Boeing reported solid fourth-quarter earnings today and forecast higher commercial airplane deliveries in 2017, while its chief dismissed fears US President Donald Trump could start a trade war. The US aerospace giant saw a 59 percent surge in earnings to USD 1.6 billion compared with final quarter of the prior year, beating expectations. The jump was due to higher commercial aircraft deliveries and a one-time charge in late 2015 that made the comparison more favorable.
Boeing also said it expects commercial deliveries in 2017 to rise to between 760 and 765 aircraft this year, up from 748 in 2016, as the firm works through a backlog of orders. Deliveries are tied to revenues and closely monitored by Wall Street.
The report sparked a 5.0 per cent rise in Boeing shares to USD 168.43 at midday, helping to propel the Dow Jones Industrial Average above the 20,000-point milestone for the first time.
Investors shrugged off some negative aspects of the Boeing results, including USD 312 million in new unexpected costs for KC-46 military tanker program, another in what has been a recurring theme in recent the company’s earnings reports.
The report came as the new Trump administration puts its stamp on US policies and openly pressures companies in its “America First” agenda that has sparked worries of protectionism.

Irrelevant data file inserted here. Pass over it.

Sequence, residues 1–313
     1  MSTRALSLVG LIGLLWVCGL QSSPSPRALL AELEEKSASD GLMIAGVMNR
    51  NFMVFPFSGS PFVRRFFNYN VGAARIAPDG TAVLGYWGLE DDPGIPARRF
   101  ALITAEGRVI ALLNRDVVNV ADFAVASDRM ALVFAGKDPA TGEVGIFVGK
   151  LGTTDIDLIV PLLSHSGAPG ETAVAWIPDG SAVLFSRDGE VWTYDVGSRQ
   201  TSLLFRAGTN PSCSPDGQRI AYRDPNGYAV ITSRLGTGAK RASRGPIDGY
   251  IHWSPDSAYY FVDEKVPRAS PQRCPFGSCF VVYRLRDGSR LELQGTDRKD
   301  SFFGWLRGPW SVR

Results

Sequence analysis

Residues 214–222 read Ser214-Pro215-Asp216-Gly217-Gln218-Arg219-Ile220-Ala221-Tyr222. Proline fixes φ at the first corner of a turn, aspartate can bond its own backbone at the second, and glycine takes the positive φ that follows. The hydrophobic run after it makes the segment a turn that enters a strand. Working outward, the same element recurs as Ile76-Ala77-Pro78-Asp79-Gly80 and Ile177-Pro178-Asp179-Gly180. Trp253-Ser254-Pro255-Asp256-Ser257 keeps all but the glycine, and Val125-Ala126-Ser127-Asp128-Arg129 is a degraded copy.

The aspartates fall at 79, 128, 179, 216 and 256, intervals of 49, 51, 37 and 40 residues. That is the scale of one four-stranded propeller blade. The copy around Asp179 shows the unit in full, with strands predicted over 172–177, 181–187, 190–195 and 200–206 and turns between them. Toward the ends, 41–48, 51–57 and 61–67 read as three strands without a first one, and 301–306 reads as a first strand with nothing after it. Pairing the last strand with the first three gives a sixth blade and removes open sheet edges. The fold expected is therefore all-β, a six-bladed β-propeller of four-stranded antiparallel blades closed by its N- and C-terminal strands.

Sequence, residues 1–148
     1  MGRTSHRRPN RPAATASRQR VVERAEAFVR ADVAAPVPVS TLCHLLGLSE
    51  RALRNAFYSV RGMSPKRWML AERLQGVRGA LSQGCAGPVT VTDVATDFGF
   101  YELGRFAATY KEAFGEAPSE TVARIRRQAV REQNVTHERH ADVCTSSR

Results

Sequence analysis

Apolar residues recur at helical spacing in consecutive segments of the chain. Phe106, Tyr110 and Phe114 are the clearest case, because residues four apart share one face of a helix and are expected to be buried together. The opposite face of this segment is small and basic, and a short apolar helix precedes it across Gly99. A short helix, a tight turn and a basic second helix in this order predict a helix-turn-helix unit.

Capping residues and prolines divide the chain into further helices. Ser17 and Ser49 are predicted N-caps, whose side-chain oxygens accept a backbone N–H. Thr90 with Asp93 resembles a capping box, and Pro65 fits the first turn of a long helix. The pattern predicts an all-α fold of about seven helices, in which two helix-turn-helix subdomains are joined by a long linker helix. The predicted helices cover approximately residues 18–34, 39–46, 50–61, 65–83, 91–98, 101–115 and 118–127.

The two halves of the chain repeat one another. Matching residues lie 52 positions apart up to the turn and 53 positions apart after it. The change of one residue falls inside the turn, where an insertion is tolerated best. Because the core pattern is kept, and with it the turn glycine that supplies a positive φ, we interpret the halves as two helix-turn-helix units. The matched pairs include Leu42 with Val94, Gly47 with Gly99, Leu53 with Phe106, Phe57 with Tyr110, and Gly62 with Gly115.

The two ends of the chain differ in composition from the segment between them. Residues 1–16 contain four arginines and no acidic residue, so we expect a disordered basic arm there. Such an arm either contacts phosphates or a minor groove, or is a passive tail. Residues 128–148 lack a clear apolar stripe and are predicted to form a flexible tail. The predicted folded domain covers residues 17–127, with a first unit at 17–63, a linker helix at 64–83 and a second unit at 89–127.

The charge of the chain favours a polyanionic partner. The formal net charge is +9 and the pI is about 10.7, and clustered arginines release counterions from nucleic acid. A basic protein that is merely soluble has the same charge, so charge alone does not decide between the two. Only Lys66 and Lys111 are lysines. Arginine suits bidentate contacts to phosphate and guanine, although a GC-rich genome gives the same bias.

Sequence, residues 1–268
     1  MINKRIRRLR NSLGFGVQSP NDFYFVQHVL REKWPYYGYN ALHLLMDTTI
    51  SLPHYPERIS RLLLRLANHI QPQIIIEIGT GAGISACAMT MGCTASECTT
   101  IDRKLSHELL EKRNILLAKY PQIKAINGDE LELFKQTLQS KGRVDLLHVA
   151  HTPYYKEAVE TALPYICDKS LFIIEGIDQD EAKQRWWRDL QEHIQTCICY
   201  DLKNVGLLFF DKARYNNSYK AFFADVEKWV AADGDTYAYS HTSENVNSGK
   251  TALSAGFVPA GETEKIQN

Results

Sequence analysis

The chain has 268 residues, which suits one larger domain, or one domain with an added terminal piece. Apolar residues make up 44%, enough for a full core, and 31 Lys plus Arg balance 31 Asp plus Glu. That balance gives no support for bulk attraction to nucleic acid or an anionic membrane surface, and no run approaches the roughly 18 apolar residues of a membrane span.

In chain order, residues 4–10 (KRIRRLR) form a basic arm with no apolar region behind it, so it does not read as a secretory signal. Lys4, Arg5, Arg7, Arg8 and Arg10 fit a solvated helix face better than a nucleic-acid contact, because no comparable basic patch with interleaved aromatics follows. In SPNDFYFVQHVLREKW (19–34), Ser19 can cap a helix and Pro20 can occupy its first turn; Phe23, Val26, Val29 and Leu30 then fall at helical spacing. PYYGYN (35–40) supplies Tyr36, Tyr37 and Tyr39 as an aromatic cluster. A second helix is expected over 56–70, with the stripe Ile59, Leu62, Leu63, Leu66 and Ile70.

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Boeing felt the sting of his Twitter attack in December, when Trump lambasted the company for what he said were runaway costs of the next generation presidential plane, to serve as the famed Air Force One.
Boeing chief Dennis Muilenburg, who met with Trump twice prior to his inauguration and pledged to work to control costs on Air Force One, said he was confident the new president’s agenda would be good for Boeing and that the US would avoid a trade war.
“This is all about helping business being successful,” Muilenburg said in a call with reporters and analysts, adding that he was “very confident” the new administration understands the importance of not alienating China, an important Boeing market.
Muilenburg endorsed pro-growth policies such as lower taxes and “fair trade” for the United States, and said higher US defense spending could boost Boeing’s business.